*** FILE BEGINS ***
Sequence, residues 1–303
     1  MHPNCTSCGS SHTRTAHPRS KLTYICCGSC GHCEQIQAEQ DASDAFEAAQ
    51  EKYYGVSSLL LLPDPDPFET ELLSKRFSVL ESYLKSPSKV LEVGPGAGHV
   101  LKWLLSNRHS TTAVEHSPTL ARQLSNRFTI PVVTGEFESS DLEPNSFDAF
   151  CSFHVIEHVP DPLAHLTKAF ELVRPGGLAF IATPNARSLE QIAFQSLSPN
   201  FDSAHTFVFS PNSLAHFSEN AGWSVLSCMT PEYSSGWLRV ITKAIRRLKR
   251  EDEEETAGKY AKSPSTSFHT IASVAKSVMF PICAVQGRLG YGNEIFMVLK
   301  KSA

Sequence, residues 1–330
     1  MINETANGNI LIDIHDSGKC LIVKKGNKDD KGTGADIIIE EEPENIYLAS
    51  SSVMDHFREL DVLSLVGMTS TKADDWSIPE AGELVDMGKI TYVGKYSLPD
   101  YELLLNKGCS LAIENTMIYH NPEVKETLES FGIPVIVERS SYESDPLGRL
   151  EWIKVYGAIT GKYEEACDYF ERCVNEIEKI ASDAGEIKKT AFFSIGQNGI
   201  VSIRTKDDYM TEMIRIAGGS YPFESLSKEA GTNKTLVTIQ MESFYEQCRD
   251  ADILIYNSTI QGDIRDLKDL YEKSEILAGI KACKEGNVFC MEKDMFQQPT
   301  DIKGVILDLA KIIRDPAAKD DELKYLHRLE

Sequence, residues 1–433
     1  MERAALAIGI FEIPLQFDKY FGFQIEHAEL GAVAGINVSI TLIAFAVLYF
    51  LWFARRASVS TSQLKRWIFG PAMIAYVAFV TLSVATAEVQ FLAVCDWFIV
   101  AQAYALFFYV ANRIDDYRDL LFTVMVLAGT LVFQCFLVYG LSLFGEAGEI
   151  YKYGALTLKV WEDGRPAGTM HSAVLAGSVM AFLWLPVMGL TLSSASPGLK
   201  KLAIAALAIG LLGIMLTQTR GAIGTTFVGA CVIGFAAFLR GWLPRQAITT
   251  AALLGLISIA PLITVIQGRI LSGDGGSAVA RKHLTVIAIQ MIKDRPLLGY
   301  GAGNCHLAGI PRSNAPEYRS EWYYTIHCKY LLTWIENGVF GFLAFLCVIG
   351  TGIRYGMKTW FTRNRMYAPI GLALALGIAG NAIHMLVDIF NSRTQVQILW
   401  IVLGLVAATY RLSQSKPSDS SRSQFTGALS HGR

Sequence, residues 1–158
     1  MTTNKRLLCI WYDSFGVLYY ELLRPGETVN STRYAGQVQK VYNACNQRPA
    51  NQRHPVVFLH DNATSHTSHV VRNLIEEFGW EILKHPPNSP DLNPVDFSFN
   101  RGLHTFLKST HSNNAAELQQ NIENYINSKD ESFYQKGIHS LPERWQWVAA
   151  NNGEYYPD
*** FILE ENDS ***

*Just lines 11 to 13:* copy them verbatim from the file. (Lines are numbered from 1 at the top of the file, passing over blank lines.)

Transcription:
    51  SSVMDHFREL DVLSLVGMTS TKADDWSIPE AGELVDMGKI TYVGKYSLPD
   101  YELLLNKGCS LAIENTMIYH NPEVKETLES FGIPVIVERS SYESDPLGRL
   151  EWIKVYGAIT GKYEEACDYF ERCVNEIEKI ASDAGEIKKT AFFSIGQNGI